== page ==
Transition Brockville archive

Tag : Urban agriculture (10)

Farming the neighborhood

Mother Earth News / Kristi Quillen, K.C. Compton / December 2016/January 2017

Sarah, her husband, Jeremiah, and their four daughters turned their lawn into garden and began growing their own food as a solution to the family’s health concerns and the cost of organic vegetables — and they achieved a lot at their 1⁄5-acre backyard homestead in Loveland, Colorado. In fact, they were among MOTHER’s 2014 Homesteaders of the Year. Eventually, though, they began to run out of space and dreamed of expanding, but couldn’t afford to buy a big piece of land.

“I was looking longingly at farms because of the space, but we love living in our neighborhood that’s so close to downtown,” Sarah says.

Then she had an idea: Why not farm the neighborhood?

[ FULL ARTICLE ]

Urban backyard farming for profit

Mother Earth News / Curtis Stone / October/November 2016

urban_farm-2In this excerpt from The Urban Farmer, courtesy of New Society Publishers, Curtis Stone offers an innovative approach to urban backyard farming for profit — one that doesn’t require starting with acres of land in the country. In these urban farming business plans, which are based on his own experience and which have been refined over years, Stone outlines how you can start a gardening business while still working a 9-to-5 job, and increase your commitment and profits over time.

[ FULL ARTICLE ]

Growing fresh veggies for the neighborhood

Peak Moment TV / 23 February 2015

Farm coordinator Scott Behmer gives us a tour of a derelict lot transformed into a small urban farm. In an area with widely diverse demographics, work trade volunteers help in the garden and take vegetables home with them. The children’s garden has “See, Touch, Taste, and Mint” beds with plants highlighting these themes.

Burlington, VT: Green is just how it’s done

Mother Earth News / KC Compton / October/November 2014

Burlington-ShorelineIf one community could serve as poster child for the core values we write about in MOTHER EARTH NEWS, Burlington would be it. Organic gardening, self-sufficiency, an involved community, renewable energy and a commitment to health are how Burlington rolls. Its vibrant local food system is central to the city, and at the heart of that food system is the Intervale Center.

“Intervale” is a term for the low ground between hills, often bottomland enriched by overflow from creeks and rivers. In the 1980s, an intervale tract of more than 700 acres within the city limits had become a dangerous, inhospitable place. Historically productive fields sat abandoned and people were using the land primarily as a dumping ground.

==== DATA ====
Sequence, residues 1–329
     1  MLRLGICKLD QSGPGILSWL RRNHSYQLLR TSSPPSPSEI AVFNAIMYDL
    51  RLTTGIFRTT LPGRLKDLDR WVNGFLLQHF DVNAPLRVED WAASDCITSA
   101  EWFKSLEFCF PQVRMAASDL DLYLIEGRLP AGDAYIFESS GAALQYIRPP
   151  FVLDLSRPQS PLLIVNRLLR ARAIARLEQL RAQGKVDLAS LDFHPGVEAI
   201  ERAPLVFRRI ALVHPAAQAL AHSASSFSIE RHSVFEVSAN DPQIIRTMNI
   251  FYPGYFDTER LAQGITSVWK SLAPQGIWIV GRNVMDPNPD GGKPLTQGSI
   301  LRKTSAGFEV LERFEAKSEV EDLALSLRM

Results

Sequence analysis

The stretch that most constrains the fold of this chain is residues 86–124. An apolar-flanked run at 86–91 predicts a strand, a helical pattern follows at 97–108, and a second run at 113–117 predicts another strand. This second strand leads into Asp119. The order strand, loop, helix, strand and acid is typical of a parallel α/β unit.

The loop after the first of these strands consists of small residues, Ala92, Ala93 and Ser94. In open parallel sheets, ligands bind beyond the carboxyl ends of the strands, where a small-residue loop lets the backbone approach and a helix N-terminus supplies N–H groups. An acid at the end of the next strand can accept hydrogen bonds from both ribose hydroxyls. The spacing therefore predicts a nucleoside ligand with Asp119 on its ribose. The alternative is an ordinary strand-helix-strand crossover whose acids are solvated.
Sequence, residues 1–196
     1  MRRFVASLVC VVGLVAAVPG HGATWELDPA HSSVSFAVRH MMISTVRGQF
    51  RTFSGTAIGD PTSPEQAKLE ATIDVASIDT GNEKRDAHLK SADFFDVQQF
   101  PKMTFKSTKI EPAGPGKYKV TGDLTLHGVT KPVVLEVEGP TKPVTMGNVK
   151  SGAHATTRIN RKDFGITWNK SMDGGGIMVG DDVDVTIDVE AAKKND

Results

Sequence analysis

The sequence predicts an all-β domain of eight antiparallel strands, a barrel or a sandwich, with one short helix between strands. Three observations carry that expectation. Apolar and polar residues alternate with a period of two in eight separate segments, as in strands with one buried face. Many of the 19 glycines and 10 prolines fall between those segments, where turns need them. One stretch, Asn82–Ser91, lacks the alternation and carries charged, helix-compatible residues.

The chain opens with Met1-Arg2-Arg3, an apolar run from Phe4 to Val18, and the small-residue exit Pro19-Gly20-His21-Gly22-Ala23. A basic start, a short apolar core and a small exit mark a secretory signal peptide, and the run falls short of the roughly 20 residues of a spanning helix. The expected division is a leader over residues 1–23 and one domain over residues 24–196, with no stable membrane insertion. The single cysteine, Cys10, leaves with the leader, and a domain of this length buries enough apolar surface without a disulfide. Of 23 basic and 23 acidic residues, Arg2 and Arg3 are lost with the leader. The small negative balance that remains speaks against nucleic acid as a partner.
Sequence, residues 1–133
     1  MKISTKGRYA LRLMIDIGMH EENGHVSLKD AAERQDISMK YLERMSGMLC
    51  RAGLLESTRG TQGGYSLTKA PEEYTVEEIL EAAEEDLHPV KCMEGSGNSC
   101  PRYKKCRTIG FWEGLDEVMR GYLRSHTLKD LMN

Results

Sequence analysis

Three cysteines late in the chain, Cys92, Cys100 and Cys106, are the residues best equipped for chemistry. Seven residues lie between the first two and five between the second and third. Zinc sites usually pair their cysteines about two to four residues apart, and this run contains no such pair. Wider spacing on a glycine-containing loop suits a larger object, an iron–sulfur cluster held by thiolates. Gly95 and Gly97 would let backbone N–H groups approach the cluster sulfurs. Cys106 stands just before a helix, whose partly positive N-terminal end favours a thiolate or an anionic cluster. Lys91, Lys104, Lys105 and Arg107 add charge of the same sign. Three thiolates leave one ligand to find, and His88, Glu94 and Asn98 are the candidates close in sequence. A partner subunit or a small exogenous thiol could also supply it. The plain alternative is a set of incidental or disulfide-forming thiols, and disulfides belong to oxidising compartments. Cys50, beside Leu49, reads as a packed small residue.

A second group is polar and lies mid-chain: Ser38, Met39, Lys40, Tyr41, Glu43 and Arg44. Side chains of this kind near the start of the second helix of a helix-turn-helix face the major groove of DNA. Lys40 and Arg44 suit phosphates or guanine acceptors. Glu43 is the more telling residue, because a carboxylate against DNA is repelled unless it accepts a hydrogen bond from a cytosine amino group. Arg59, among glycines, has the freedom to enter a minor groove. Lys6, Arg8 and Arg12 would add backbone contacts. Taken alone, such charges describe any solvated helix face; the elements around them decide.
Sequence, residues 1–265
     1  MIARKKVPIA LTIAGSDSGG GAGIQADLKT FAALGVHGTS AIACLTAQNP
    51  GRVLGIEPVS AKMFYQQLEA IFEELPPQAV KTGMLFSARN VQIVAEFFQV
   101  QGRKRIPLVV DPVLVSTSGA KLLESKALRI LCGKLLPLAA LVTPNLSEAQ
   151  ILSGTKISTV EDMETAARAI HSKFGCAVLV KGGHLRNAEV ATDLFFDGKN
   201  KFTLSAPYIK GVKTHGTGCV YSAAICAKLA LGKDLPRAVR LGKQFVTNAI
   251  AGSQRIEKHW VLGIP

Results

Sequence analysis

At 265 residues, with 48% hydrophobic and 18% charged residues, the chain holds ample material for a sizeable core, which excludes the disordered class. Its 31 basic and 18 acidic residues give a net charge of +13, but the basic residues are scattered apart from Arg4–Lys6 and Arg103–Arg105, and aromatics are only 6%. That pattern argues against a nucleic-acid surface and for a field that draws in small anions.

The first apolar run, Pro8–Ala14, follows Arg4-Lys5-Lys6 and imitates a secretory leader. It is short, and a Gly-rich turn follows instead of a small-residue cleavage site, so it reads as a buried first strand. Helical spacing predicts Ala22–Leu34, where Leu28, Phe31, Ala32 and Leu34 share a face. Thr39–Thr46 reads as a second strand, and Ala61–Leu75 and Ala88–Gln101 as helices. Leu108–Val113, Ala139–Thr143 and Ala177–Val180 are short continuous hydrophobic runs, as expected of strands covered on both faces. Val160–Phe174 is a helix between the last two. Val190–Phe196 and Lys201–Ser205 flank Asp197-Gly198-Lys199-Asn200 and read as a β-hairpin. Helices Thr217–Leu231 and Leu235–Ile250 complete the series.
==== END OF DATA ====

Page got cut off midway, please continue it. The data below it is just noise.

[ FULL ARTICLE ]

Zoning and City Code Considerations for Urban Homesteaders

Mother Earth News / Sundari Elizabeth Kraft / 18 March 2014

City-ChickensZoning codes are pretty much always written by lawyers. So unless you’ve passed the bar exam, don’t feel bad if you find the code difficult to understand. Here are a few tips you can keep in mind as you dive in and attempt to figure out what you are and are not allowed to do:

Know your designation: Start by learning what the zoning designation is for your area. Even if it’s “residential,” there are usually distinctions in the code between residential types (R-1, R-2, etc.). Many cities have a function somewhere on their website that allows you to input your address and receive a bunch of information on your property, including your zoning designation. Or you can call the zoning office and ask.

[ FULL ARTICLE ]

How to Make a Fruit Picker

picker6Mother Earth News / A Dreyer / 13 November 2012

Are you tormented by ripe fruit that’s out of reach on high branches? Would you love to put that fruit to use, but just can’t get to it? Follow these easy instructions on how to make a fruit picker and you won’t have to watch fruit rot on a tree again.

[ FULL ARTICLE ]

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The Transition Framework

Resilience is the ability of a system or community to withstand impacts from outside. An indicator is a good way of measuring that. Conventionally, the principal way of measuring a reducing carbon footprint is CO2 emissions. However, we firmly believe that cutting carbon while failing to build resilience is an insufficient response when you’re trying to address multiple shocks such as peak oil, climate change and the economic crisis together.

— Transition U.S.
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